The frivolity of the Coupe’s rear end harken back to its famous predecessor, and get to the essence of what it means to be a truly American car. That rear end, not accidentally, features prominently in Cadillac’s promotional pictures and copy. Closeups show the stainless-tipped exhaust pipes exiting at the bumper’s centerline. Best of all is the third-eye brake light, a folly that outsiders love to mock. The BBC’s reviewer called it a “red boomerang” and said the car had an “underbite you could lose a dentist’s arm in”—perhaps the first example of a Brit telling an American that they have bad teeth.

In 1959 too, Cadillac focused much of its advertising on the rear quarter panel, and especially on those fins. The taillights were the red flames shooting out of the fins’ integrated rocket motors. In imagination, if not operation, the taillights rocketed the car across the landscape. We are wrong to presume that people back then took such over-the-top styling seriously; those fins were as absurd then as the “brake light that doubles as a spoiler” is now. But then Mt. Rushmore is absurd, as were the Twin Towers, to say nothing of playing golf on the moon. The childishness that lets us do something big and silly and pointless that the rest of the world finds ugly is also the childlike quality that should imbue us with hope.

And how does the new Coupe handle the road? Based on my test drive, the V is the unlikely spawn of a BMW M3 and a 1958 Caddy (I’ve never had the pleasure of driving the ’59.) The car was reasonably taut and certainly overpowered, to the point that I was able to have some fun by switching off the traction control. The suede-wrapped steering wheel turned almost too easily, but it did let you know where the wheels were pointing. In this it shared something with the latest BMWs, serious drivers’ cars in an age when serious drivers don’t want to work so hard anymore.

And yet a quality road performance seemed immaterial to the salesman who emphasized its backup camera, bluetooth capability, ipod hookup, and the dealership’s ability to meet any price. The car was so laden with cool gadgets that actually driving seemed unimportant, much as it did when I piloted the 1958. You don’t drive a car like that, you pilot it—radio a vector down to the engine room and await a response. Where the old caddy had an “Autronic Eye” automatic headlight dimmer mounted on the dashboard, the CTS-V Coupe had a television set. The set could be told to bury itself in the dash, but shifting into reverse levitated it again. There were similar electric gizmos to telescope the wheel or set the parking brake, and two separate sets of controls for the power Recaro seats. In fact, the more I looked the more buttons I found, including eleven on the steering wheel spokes. The icons on other buttons were no more intuitive: one featured a roadway vanishing into a mountain range (must be for the jump to light speed), another had some sort of checklist, partially completed (perhaps the car does its own preflight check). To open the door you push the tiny button marked with a simple white dot.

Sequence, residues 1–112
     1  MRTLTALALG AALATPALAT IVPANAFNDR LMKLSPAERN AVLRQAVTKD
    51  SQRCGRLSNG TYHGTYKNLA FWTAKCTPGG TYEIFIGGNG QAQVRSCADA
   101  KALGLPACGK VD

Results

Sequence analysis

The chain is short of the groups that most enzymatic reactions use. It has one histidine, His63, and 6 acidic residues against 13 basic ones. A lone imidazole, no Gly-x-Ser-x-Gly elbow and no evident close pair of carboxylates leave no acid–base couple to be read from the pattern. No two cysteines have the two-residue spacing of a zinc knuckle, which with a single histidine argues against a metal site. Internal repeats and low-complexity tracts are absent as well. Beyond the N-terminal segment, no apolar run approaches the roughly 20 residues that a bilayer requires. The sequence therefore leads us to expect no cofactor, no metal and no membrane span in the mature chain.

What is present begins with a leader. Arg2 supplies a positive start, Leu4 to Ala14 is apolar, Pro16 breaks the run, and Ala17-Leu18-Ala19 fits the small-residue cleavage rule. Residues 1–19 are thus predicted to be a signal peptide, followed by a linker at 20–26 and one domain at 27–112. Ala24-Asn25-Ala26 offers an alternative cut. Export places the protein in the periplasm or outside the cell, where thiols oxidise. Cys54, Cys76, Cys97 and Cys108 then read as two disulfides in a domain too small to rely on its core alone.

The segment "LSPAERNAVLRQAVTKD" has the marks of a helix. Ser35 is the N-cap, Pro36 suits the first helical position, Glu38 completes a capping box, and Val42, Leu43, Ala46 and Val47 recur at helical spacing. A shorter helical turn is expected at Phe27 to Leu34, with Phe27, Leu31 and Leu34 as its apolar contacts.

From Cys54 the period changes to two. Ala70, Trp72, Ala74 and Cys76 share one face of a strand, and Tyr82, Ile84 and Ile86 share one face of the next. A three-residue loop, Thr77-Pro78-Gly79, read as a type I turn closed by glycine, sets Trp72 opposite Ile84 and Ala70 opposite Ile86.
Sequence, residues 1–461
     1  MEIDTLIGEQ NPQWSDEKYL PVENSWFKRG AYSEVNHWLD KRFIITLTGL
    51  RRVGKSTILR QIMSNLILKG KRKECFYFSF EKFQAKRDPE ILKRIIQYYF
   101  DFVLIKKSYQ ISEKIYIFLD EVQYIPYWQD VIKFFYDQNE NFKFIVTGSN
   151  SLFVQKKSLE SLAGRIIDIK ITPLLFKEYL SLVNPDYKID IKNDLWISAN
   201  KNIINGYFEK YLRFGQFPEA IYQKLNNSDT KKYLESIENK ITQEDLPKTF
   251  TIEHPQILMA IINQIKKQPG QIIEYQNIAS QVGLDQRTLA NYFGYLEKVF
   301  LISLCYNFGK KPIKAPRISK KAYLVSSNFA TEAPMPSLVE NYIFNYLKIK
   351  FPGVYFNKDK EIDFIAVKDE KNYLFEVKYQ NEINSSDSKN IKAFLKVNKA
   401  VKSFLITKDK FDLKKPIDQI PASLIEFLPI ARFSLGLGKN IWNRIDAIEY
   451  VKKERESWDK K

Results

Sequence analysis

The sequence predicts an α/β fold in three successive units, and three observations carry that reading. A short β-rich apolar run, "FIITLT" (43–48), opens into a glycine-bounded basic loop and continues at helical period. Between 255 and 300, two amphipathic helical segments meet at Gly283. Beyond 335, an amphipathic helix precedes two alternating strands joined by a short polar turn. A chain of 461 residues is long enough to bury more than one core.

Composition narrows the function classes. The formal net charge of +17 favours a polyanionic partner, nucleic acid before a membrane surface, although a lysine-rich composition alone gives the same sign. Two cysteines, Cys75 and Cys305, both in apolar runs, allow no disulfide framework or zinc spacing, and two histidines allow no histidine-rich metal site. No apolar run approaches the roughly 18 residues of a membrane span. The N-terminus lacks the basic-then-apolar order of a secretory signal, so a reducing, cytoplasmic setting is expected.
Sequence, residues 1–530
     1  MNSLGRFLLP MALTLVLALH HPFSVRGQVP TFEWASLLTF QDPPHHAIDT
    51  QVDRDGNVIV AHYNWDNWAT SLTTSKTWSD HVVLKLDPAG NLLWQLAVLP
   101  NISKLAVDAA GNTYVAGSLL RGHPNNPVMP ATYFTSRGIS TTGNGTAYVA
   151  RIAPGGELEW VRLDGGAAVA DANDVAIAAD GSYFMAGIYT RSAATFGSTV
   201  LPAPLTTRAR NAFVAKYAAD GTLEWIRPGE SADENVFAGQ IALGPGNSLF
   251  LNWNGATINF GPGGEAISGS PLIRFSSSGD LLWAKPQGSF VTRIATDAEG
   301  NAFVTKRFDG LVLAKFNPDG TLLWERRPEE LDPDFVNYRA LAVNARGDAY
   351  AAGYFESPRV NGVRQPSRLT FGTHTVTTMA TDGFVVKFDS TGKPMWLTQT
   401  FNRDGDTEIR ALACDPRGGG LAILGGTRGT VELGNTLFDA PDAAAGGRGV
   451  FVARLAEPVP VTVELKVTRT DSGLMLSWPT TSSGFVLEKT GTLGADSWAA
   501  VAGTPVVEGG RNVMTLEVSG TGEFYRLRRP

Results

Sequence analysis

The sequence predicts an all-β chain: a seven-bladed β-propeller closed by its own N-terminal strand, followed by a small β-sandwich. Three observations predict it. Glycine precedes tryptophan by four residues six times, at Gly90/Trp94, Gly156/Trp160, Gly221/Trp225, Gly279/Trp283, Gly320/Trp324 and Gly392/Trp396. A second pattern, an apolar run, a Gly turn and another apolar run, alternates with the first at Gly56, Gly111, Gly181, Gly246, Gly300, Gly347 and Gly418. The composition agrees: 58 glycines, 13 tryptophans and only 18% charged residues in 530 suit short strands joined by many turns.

The keyless transmitter actually has a secret key inside it that opens the glovebox and rear seat passthrough, as well as five buttons of its own (one to remove the secret key). Most impressive of all is the fake ignition key located just where the old GM keys used to go. It is wrapped in chromed plastic and I felt the urge to turn and hold against the ghost of a spring that used to let you crank the engine. In fact, it is equivalent to the BMW “on” button, so there is no spring or mechanical ignition switches of any kind. The fake key is just there to help you feel comfortable with the future.

Cadillac’s cheery rediscovery of its rear end comes at a welcome moment, a time when our consciences rightly force us to take cars—those notorious planet-killers and people-killers, not to mention highway-cloggers—too damn seriously. The brakelight spoiler, the floating TV set, and the phony ignition key are pure folly. But it is precisely that silliness that one hopes the car can recapture. Plenty of nations have built great cars, but only America has built truly silly ones like the ’59 Cadillac, to say nothing of the Pontiac Aztec or AMC Pacer. Leave it to Ford to build world cars. GM will use our money to keep building American cars.

  1. Fifty years later the headlines were about the same, with sales in December 2008 off 35.5 percent for the quarter and 18 percent for the year.